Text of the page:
The Colombo Artificial Intelligence Meetup is a meetup that occurs periodically each year. Organized by the Sri Lanka Association for Artificial Intelligence or SLAAI, its purpose is to discuss and broaden the knowledge we have with regard to AI. In addition, it is also to foster new ideas and create new solutions to existing problems with the help of AI. Held on the 15th of September 2017 at the Virtusa Auditorium located within the heart of Orion City, the theme of the meetup was Artificial Intelligence for A Smart World. The meetup consisted of presentations by 2 speakers, along with a panel discussion.
Sampath, CEO at hSenid Business Solutions, spoke about how AI can be used to improve the business processes of a company to usher in a new era of technological advancements. He also spoke about robotics and AI are making an appearance in most scenarios at present, and soon, in the not too distant future, AI and robotics would be ubiquitous. A prime example of this is the Alpha 2. In case you were wondering, the Alpha 2 is the first humanoid robot for the family. The Alpha 2 can learn and mimic human movement, offer reminders and alerts and you can even converse with it.
Sampath says that in the future, this robot and others similar to it would take over most of the tasks including tutoring, interpreting and even smart home management. They have a type of AI that will function to carry out normal human functions. He then spoke about machine learning and the steps taken by various countries with regard to these matters. An example of this was the advancements in prosthetic surgery where the prosthetic limbs are equipped with machine learning and they begin to learn from your movements. Sampath also spoke about how AI is used in a number of other areas today. For example, Ocado, a British online supermarket has replaced barcode scanning with AI vision to speed up the packing.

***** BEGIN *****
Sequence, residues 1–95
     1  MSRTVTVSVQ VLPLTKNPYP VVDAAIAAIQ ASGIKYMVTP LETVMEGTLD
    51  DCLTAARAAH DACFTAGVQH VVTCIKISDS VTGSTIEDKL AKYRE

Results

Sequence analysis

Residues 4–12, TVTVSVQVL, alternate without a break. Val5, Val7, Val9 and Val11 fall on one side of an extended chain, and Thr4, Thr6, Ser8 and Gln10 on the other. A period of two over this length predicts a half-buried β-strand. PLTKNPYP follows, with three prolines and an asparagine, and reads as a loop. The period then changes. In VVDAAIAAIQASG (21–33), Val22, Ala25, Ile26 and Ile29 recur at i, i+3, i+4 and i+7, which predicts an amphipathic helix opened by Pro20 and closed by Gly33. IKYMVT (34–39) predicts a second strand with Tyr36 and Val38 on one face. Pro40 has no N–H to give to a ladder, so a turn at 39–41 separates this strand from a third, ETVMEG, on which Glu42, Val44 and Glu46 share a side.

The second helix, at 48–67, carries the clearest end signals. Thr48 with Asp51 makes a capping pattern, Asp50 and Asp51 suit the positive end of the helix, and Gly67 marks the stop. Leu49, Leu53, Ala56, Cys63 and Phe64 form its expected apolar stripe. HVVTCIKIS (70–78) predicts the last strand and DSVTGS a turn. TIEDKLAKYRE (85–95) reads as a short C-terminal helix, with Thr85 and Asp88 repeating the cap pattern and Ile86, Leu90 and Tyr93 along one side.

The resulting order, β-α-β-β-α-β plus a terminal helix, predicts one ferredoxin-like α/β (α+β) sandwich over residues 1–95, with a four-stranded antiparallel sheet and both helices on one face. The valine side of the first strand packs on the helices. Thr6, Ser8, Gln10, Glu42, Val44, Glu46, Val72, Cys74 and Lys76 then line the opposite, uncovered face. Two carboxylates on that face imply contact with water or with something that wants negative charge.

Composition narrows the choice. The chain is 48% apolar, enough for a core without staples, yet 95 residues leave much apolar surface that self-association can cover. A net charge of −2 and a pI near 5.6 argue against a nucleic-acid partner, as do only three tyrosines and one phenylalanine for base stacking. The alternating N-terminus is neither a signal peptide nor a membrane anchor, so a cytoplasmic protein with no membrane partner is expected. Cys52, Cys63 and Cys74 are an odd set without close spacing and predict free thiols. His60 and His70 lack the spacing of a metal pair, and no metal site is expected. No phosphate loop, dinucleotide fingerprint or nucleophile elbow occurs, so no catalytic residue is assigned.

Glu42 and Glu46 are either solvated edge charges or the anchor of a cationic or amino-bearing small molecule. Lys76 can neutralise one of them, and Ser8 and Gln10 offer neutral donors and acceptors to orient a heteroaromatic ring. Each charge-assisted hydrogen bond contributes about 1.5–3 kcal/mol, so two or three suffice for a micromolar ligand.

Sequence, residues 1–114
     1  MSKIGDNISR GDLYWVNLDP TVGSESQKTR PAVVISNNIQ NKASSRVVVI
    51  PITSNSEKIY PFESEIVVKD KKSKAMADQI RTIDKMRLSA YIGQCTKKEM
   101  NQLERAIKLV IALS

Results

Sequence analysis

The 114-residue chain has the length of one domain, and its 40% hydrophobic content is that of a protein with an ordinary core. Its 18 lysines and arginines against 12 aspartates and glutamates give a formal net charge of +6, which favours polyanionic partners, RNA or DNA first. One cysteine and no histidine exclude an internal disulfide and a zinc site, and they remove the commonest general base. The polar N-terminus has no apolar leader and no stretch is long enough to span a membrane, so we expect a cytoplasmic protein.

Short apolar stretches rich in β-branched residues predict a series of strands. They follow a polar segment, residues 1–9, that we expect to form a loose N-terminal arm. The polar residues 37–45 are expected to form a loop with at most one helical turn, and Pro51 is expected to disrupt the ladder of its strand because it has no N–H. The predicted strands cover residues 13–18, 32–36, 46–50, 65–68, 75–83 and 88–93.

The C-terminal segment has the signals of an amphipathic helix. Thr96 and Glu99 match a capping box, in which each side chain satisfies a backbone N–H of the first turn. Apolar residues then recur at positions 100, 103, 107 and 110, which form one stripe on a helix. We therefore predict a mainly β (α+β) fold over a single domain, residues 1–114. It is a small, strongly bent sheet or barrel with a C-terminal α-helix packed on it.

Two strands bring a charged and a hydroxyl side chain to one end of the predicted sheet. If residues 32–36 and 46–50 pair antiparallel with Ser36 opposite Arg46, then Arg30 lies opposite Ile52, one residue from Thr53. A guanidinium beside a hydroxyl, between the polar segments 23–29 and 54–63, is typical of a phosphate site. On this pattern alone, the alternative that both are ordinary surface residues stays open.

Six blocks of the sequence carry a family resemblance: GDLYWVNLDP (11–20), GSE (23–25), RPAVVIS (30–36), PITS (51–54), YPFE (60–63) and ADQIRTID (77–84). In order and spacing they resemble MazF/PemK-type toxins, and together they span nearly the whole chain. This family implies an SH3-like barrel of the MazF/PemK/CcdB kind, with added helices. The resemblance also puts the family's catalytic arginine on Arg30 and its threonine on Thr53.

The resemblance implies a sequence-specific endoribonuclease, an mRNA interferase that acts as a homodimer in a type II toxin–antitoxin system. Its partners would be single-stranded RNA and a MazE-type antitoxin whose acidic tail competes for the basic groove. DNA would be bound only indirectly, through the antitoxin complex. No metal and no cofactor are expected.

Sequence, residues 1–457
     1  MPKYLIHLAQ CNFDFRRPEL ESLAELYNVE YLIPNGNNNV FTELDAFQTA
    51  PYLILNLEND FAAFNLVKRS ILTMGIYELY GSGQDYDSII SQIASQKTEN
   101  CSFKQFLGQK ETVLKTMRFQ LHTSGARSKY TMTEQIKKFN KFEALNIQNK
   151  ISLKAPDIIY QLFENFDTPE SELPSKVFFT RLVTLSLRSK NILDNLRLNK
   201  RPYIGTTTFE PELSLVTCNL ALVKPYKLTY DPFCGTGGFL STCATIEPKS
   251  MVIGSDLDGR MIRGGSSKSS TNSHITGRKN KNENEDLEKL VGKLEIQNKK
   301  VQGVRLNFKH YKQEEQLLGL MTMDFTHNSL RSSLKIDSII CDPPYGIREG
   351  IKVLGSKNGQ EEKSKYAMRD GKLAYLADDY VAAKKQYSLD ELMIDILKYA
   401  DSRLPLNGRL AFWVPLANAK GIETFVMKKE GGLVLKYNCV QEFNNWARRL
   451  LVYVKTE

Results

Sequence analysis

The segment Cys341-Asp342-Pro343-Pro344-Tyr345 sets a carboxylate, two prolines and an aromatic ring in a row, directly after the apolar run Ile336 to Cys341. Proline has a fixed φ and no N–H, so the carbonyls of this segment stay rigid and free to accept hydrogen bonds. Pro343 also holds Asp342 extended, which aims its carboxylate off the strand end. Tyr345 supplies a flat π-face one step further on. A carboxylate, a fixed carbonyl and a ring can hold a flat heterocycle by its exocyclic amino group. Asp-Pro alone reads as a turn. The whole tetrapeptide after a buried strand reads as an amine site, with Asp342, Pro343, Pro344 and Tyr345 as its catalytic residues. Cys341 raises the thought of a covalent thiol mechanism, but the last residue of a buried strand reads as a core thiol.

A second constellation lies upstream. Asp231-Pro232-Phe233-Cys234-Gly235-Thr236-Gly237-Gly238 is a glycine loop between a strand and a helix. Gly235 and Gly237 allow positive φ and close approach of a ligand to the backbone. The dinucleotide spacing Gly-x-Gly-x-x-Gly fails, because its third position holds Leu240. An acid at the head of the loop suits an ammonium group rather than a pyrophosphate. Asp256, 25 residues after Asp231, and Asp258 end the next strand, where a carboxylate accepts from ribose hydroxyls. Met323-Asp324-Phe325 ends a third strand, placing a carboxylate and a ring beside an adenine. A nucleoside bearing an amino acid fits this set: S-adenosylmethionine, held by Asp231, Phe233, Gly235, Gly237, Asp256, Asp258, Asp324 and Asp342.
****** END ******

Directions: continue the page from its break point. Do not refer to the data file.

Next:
Fukoku mutual life insurance has replaced its 34 strong workforce with IBM’s Watson Explorer AI. Lastly, he gave an example of the Royal Bank of Scotland where thanks to their Luve AI customer assistant, the bank is a full 12 months ahead of their competition. He then explained about the business model transformation for 2020, where he noted that all our data is captured and stored somewhere. By linking the 4 Ps of Marketing (price, product, promotion, place), you can create new business models.
He then spoke about the hSenid HRIS Predictive Analytics tool. This is heavily dependent on AI. Using this tool, they could predict employee turnover. They could find details such as a list of unsatisfied employees, their leaving and retaining probabilities, opportunity loss of the employees to the organization etc. They can also predict the employee performance level. The tool helps them plan things better based on the characteristics of an employee and they can also try to understand the transaction of the employee such as work patterns, absenteeism etc. With that, Sampath’s presentation came to an end.
Next up was Dr. Charith Chitraranjan.
Dr. Charith, a Senior Lecturer at Department of Computer Science and Engineering, University of Moratuwa certainly had a mind boggling topic. You could even say that it was a talk about mind over matter as his topic was on Intelligence and the Brain. We have observed nature and by doing so, these observations have helped us develop technology as we know it. So the, why not look at the brain and see how it does the same?
What is Intelligence? Dr. Charith asked. Well, the there’s no exact clear-cut answer to that. Rather, there are a number of definitions for it. It can be defined as the ability to acquire and apply knowledge and skills. It can also be a synonym for terms such as sensation, perception, association, memory, imagination, discrimination, judgement and reasoning. The third definition that Dr. Charith gave is that intelligence is the ability to solve problems or to create products that are valued within one or more cultural settings. In operational terms, intelligence can be defined as whatever the intelligence test measures.